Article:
I take my time, I read about the agent, check her twitter feed, #MSWL, and see what she’s looking for, as well as what projects she is already working on… I probably should be submitting to more agents but I have only submitted to two agents a week for the past few weeks.  Six total.  Not many.

And while the number is small, the fact that I haven’t even gotten a nibble is what bothers me.  At least the form letters are nice and the time is taken to spell my name right (silver lining?) But no one seems even remotely interested.  The thought to shelve my project crossed my mind, to shelve a complete fantasy series because I can’t sell it with the first ten pages and query letter and synopsis.  Of those three things, where have I gone wrong?  The query, the first ten pages or the synopsis? Hmm…. What am I missing?

Here comes the interesting part:

At work, I’m sitting at the front desk and a client comes in.  I don’t know her that well and she knows even less about me, or so I thought.  I ask her how I might assist her, she tells me what she needs and I walk away to retrieve it from the back.  When I return she tells me that she gets vibes from people.  She always has and that the vibe she got from me gave her goose-bumps.  That’s how she can tell the vibe is real.  She told me that whatever I am doing, possibly something with school (reading, writing, lots of paper) I need to keep doing.  To give it my all because I am almost there.  She told me that I’m holding back and need to go forward and give it everything plus an extra ten percent.  That I’m ninety percent there….

I was floored.  If someone were looking into my life, it would be easy to misconceive my writing a novel as school.  It’s almost the same but there’s no teacher to give feedback.  Just rejection form letters.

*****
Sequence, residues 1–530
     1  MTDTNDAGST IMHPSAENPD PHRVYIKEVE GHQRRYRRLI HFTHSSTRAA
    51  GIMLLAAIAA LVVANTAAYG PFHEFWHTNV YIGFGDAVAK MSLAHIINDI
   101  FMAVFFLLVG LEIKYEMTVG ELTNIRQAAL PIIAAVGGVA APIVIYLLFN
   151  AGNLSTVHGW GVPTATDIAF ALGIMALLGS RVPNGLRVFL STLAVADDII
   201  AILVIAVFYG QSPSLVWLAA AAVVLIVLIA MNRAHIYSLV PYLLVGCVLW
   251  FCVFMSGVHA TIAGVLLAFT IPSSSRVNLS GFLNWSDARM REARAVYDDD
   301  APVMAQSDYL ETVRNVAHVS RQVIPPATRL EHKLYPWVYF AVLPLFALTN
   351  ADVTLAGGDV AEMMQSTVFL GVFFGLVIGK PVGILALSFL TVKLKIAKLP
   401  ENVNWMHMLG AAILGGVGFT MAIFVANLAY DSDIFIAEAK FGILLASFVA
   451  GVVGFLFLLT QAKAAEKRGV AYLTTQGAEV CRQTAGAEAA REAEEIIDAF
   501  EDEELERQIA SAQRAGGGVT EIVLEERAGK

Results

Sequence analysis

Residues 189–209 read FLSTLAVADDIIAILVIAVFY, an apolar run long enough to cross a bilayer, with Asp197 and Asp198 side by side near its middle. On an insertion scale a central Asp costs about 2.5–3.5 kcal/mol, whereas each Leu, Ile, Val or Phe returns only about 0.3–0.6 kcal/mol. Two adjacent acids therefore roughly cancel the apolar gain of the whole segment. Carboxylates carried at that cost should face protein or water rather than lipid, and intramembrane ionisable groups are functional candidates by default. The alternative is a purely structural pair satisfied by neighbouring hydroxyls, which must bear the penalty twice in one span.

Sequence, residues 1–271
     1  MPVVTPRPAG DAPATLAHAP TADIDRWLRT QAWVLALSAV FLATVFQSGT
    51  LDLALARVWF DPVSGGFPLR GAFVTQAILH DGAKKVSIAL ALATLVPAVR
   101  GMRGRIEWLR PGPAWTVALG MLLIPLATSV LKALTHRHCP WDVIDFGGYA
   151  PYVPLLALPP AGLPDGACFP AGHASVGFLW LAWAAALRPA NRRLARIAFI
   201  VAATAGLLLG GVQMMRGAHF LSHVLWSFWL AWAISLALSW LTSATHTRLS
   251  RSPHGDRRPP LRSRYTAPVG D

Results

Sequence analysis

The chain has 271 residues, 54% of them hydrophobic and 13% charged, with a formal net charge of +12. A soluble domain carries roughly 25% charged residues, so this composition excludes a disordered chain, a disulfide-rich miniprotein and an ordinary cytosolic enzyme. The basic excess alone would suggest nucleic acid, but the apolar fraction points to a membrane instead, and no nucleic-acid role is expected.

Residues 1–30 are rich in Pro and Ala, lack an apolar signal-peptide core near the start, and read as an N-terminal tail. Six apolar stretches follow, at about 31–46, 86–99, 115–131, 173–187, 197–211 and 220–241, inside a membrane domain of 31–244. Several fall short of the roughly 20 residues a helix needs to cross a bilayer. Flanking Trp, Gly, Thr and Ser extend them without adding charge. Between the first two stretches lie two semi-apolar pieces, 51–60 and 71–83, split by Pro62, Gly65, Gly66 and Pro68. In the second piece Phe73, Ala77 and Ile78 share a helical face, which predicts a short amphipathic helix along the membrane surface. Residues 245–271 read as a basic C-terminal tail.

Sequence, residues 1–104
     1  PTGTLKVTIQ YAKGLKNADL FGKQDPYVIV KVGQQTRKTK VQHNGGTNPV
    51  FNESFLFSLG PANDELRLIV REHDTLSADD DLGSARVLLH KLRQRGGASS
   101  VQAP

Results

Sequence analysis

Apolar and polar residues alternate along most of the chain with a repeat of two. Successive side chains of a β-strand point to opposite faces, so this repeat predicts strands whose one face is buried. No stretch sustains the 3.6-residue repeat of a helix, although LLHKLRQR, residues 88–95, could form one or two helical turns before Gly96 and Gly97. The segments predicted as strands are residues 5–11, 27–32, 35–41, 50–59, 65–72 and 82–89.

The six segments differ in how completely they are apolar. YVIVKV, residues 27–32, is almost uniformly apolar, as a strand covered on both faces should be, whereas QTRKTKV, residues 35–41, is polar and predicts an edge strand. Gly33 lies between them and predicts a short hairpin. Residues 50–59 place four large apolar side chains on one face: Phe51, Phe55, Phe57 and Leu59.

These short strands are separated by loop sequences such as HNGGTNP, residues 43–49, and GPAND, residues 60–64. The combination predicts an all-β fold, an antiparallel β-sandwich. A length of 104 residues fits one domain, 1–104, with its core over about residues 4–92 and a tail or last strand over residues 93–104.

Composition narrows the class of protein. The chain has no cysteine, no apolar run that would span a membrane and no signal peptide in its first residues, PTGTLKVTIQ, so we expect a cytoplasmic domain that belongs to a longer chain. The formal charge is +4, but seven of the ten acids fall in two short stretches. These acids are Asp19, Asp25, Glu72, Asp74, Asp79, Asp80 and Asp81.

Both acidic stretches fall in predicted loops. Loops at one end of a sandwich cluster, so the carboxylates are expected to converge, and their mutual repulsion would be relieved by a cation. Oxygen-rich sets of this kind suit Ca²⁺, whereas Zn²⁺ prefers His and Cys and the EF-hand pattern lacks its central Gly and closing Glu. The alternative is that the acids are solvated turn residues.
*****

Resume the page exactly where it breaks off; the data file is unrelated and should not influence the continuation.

So I won’t be shelving my manuscript after all.  I have to figure out where to apply the additional effort?  Everywhere makes sense.  I’ve decided to revise the first few chapters, rework my query letter and synopsis and resubmit.  Most important: to not give up and give my manuscript everything I’ve got.

It was such an incredible experience and came at the exact moment it should.

Jerusalem Syndrome Part VI: conclusion of a short fantasy story

Heather stared blankly at her computer screen in the darkness of her bedroom.  She couldn’t focus on her work; she hadn’t done anything with it in days.  Her cell phone rang.  She recognized the ringtone and answered immediately.  It was her husband calling to tell her that the police had turned up nothing about her brother’s disappearance.  There was nothing to give them any direction except from where he vanished, the front of the hospital.  Security cameras showed that Bradley had walked out the front door then everything went black.  There was no trace of him.  Why the equipment failed to raise alarm when he disconnected himself was still a mystery.